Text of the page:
Mobile network operator Orange has launched a startup accelerator today called Orange Fab, which will be used to help US-based startups create and develop new products that can “change the way people connect and communicate”.
The three-month program is being run by Orange Silicon Valley, which is based at the company’s development center in San Francisco. The first class, consisting of four to six startups, will be selected in April and start in May with up to $20,000 in funding.
F**k it, we'll do it live!
Our biggest ever edition of TNW Conference is fast approaching! Join 10,000 tech leaders this May in Amsterdam.
They’ll be paired up and advised by Orange executives based in Silicon Valley, Europe, Africa and the Middle East, as well as mentors such as Jean Marc Harion, CEO of Orange Belgium, Nate Bold, Design Research Manager at Facebook and Frederique Dame, Product Manager at Uber, among others.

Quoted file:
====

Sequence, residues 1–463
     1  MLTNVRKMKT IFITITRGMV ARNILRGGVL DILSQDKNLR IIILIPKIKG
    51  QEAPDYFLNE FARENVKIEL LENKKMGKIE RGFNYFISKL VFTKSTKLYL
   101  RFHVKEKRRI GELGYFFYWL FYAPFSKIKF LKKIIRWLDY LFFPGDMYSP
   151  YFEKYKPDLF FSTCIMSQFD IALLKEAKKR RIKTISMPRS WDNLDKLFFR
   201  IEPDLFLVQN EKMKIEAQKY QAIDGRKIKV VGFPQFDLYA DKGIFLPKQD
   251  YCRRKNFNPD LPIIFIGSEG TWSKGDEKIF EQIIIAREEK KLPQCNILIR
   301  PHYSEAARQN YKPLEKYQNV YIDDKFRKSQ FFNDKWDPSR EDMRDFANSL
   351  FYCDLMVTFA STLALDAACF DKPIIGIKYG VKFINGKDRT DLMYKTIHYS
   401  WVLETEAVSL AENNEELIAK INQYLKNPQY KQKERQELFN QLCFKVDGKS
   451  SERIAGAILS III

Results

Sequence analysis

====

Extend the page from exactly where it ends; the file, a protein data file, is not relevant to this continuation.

The program includes more than 22 events, workshops and lectures, as well as two demo days being organized for Paris in June and Silicon Valley in July.
Startups that are interested in applying need to have an existing product that is either in an advanced beta phase, or has already launched. “Preferably, they have not yet raised a series A round of investment from VCs,” the company adds.
The initial deadline is April 7, and startups can apply right here.
“With Orange Fab, we join together with the next wave of Silicon Valley innovators to reimagine the future of communications,” Georges Nahon, CEO of Orange Silicon Valley and President of Orange Institute said.
“We are optimistic that opening up our world-class innovation center in San Francisco, and providing start-ups privileged access to decision-makers on the front lines of our business operations will be a win-win for all participants.”
Orange, part of France Telecom-Orange, is one of the leading telecoms operators, present in 32 countries and with a customer base close to 231 million. 172 million of those are mobile phone users, so it’s safe to assume that Orange will be looking for at least a few startups that can radically shake up the smartphone space with a new or compelling service.
Image Credit: ERIC PIERMONT/AFP/Getty Images